Biden launches new US mission in Iraq

CAMP VICTORY, Iraq, Sept 1, 2010 (AFP) - Vice President Joe Biden launched a new American military mission in Iraq on Wednesday, opening up a fresh phase in a seven-year deployment that has cost the lives of more than 4,400 US troops.

CAMP VICTORY, Iraq, Sept 1, 2010 (AFP) - Vice President Joe Biden launched a new American military mission in Iraq on Wednesday, opening up a fresh phase in a seven-year deployment that has cost the lives of more than 4,400 US troops.

Addressing soldiers near Baghdad a day after the US combat role officially ended, Biden sought to rally the nearly 50,000 American troops who will remain in the country until a total withdrawal at the end of 2011.

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A soldier takes a picture of US Secretary of Defense Robert Gates (C) and some troops after he had dinner with troops at the Sports Oasis dining facility at Camp Victory in Baghdad, on September 1, 2010. AFP

The vice president acknowledged that the 2003 invasion had split US public opinion but he called for unity around the new training and advisory mission and said he believed the Iraq conflict's "darkest days are now behind us."

"It is no secret that this war has divided Americans but they have never shrunk from the united support of the United States military," Biden told an audience of around 1,000 troops and invited guests.

"Now is the time to put these differences behind us," he said at Al-Faw Palace, the former hunting lodge of toppled dictator Saddam Hussein which falls within Camp Victory and is now the US military's Iraq headquarters.

Biden said the new training mission -- Operation New Dawn -- would continue US engagement with Iraq, but he also acknowledged Iraqi lives lost.

"Tens of thousands of security forces and innocent civilians have been killed," he said, noting the impact of a brutal insurgency and sectarian blood-letting that swept the nation in the years after Saddam's ouster.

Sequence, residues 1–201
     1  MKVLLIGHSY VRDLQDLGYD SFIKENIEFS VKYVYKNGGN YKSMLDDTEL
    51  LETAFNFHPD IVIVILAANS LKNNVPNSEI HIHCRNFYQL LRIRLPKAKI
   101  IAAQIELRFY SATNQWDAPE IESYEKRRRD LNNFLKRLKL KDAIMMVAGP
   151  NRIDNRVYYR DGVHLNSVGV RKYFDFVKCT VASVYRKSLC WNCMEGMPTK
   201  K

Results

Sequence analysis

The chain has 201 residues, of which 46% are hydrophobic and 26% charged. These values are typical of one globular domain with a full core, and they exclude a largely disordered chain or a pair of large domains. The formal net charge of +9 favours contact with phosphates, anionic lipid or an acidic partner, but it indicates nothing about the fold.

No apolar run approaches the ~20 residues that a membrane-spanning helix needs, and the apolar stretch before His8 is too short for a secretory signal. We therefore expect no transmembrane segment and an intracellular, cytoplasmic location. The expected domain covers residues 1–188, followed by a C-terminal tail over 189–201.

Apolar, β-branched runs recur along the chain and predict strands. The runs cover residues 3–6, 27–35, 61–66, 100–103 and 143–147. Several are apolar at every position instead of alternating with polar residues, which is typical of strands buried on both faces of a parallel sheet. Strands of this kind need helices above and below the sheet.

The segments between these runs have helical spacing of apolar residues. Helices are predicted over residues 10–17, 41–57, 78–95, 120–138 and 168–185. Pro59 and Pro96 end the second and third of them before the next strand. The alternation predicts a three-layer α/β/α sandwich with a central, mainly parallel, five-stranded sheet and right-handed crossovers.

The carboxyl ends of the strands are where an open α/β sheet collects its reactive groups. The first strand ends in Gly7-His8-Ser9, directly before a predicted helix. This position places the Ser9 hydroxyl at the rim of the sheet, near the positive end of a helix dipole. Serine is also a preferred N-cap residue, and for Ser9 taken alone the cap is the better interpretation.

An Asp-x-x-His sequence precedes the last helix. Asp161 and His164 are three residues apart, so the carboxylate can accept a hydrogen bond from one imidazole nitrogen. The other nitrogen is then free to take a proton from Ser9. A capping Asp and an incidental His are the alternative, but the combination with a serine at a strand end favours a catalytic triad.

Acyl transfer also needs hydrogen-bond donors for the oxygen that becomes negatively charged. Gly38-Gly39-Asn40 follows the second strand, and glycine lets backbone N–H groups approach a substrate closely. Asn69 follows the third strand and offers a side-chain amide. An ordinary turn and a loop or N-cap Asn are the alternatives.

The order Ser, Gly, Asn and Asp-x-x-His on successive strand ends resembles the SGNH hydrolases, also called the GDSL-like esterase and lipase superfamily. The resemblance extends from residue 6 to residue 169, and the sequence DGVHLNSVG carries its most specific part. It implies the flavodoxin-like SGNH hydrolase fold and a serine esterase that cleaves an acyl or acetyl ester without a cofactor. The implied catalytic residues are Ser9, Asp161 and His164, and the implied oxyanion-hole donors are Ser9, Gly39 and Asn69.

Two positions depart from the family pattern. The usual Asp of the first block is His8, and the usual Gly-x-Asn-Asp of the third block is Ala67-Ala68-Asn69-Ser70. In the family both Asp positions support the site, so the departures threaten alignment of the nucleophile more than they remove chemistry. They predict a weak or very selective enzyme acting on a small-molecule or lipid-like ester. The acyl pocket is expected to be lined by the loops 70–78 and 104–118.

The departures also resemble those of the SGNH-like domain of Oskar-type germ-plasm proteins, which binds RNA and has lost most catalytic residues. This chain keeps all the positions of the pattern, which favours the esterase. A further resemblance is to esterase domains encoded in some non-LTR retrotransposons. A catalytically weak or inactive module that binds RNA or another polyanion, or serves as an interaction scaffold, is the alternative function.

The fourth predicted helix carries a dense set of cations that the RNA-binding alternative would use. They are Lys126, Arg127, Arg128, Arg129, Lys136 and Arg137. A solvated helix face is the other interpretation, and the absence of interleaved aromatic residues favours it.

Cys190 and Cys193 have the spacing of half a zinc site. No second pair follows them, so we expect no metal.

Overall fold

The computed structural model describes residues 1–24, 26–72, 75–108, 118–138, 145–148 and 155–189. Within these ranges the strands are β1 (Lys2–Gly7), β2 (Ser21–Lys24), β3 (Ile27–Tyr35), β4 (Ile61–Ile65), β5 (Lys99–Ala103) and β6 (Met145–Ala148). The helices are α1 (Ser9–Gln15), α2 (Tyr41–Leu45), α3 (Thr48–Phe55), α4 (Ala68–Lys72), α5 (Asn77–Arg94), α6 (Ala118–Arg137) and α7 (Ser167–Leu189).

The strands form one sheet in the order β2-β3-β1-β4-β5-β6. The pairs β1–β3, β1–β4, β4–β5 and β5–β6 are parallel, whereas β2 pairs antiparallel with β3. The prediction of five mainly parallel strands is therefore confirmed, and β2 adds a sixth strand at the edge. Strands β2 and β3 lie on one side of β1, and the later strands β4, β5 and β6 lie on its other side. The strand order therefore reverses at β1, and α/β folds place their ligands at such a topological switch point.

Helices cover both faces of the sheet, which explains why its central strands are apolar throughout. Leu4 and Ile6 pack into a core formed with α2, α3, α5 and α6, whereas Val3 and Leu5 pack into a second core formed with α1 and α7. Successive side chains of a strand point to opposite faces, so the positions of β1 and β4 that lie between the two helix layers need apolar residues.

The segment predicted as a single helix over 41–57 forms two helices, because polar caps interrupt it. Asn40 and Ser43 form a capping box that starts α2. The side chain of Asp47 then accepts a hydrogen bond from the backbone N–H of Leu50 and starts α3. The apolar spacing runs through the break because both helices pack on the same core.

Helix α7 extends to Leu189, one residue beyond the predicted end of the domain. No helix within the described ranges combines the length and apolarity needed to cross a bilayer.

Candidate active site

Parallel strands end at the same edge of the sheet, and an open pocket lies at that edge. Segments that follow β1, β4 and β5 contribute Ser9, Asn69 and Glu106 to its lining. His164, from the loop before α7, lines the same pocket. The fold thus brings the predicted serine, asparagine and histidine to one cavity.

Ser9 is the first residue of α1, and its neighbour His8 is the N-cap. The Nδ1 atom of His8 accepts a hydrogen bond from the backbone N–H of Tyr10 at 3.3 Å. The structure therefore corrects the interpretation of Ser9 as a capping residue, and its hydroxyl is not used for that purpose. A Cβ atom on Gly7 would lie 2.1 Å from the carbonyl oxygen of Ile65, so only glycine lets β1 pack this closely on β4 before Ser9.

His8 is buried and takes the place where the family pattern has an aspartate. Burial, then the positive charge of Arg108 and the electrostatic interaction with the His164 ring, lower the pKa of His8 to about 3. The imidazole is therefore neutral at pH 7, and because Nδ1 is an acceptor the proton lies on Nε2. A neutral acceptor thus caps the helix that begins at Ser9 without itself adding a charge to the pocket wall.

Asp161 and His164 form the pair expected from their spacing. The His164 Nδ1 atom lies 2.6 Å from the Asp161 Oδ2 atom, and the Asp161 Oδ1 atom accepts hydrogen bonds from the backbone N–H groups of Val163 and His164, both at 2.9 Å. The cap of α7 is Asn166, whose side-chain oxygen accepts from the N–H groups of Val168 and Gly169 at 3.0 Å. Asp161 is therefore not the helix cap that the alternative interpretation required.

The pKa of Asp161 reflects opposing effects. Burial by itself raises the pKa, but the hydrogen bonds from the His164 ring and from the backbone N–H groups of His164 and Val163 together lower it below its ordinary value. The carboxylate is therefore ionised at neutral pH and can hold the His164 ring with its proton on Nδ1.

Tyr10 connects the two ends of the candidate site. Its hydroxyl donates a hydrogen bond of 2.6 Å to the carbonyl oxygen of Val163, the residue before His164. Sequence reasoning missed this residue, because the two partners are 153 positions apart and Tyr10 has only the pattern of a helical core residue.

"The Iraqi people have rejected their ugly face of violence," Biden added, referring to the insurgents.

However, statistics released on Wednesday by the Iraqi government showed that 426 people -- including 295 civilians -- were killed in August in bombs and shootings, indicating that the country's unrest is far from over.

A total of 49,700 US troops are currently stationed in Iraq for the new training and counter-terrorism mission, which follows a pledge made last year by President Barack Obama to bring all other American troops home.

Thousands of US soldiers have left Iraq in recent months and Obama used a speech from the Oval Office on Tuesday to note the end of combat operations.

Defence Secretary Robert Gates, who was also in Iraq to mark the launch of Operation New Dawn, told troops based in the country their work remained vital despite an increased focus on the war in Afghanistan.

Gates, like Biden, also chose to acknowledge domestic controversy in the United States over the war.

"The problem with this war for many Americans is that the premise on which we justified going to war proved not to be valid," he told reporters ahead of Wednesday's ceremony, which saw the appointment of a new US commander in Iraq.

"Even if the outcome is a good one from the standpoint of the United States, it will always be clouded by how it began," Gates added.

Then US president George W. Bush ordered the invasion of Iraq in March 2003 arguing that the country was rife with weapons of mass destruction. Despite exhaustive efforts, none were ever found.

Biden, who repeatedly met Iraqi political leaders in a bid to speed up protracted coalition talks since an inconclusive March general election, said he believed a deal was now finally close.

"I am absolutely convinced that they are nearing the ability of forming a government, that will be a government representing the outcome of the election, which was very much divided," he told US network CBS.

Biden left Baghdad on Wednesday afternoon for Erbil, in northern Iraq, where he met Kurdish regional President Massud Barzani and several other Kurdish officials.

At the ceremony in Camp Victory, outgoing General Ray Odierno was replaced by newly promoted General Lloyd Austin as commander of US forces in Iraq.

"Even today there are those who doubt that the Iraqi security forces are ready to take full responsibility for security," Odierno said.

"I say before you today they are ready to do that task."

Prior to the ceremony, however, the deputy commander of the new US mission, Lieutenant General Michael Barbero, said he expected a new Baghdad government to make a formal request for extra help as the end of next year looms.

"I would predict that they are going to ask for some assistance. We've got a lot of work to do right up to December 2011," Barbero told reporters.